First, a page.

Wednesday, October 16, 2019

A Brief History of Time by Stephen Hawking


I love science. You know why? It helps you make other people look stupid! Doesn't it feel great to drop a load of facts on some guy at a party spouting out about shit he doesn't understand? You know what I'm talking about. And so does my granddaughter Tina, I might add. She knows that there are only a few things in life I can't stand: 1) Sweet pickles (an abomination), 2) Being wrong (this rarely happens, of course), and 3) Being wrong about sweet pickles (not possible). So we have this little game of trying to catch each other making mistakes and teaching each other new things, and books like this come in pretty handy for that. I can pretty much guarantee that Tina knows shit about rifts in the space-time continuum.

But a terrible thing happened. We were having tea and apple tarts (aka gin in a teacup for me) after she got home from school and talking about the universe, and I made mention of the 9 planets and how to remember them with the mnemonic we all learned in grade school - My Very Eager Mother Just Served Us Nine Pickles. I have always loved that mnemonic device, for obvious reasons. Only Tina tells me that no, there are only 8 planets. A rookie mistake, I thought, for which I was happy to correct her. But she pulls out some bullshit textbook from school, and lo and behold, someone stole Pluto!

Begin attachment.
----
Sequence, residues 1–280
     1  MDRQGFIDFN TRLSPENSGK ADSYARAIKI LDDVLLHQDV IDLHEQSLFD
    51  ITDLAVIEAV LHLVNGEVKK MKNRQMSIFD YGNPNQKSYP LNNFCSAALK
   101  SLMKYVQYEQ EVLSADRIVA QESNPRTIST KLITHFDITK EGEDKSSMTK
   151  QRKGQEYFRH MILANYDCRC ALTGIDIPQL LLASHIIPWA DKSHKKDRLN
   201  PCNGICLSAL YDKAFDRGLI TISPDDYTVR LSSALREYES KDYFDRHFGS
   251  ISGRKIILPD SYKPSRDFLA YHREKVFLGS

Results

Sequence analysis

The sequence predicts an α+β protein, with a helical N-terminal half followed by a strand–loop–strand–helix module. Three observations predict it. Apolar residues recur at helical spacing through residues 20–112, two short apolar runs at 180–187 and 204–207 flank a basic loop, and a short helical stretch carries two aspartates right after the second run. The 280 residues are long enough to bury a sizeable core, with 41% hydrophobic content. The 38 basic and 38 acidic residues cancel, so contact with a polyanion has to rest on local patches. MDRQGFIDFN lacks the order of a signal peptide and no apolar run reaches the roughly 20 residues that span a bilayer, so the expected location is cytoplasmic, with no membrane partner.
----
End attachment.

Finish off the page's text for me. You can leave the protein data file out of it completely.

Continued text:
God damn it, scientists! What is wrong with you people? You can't just go around changing the number of planets whenever you want to. What is my eager mother supposed to serve us now - Nectarines? Noodles? Nothing? It just doesn't work any more. Pluto is still out there, and it is the same damn thing it was when I was a kid, only now someone ivory tower nerd wants to redefine what a planet is and isn't? No chance, kid. If you like outer space so much, why don't you do something useful, like get out there and find some aliens. There's no way Stephen Hawking would approve of this bullshit. And you just made me look like a fool in front of my granddaughter!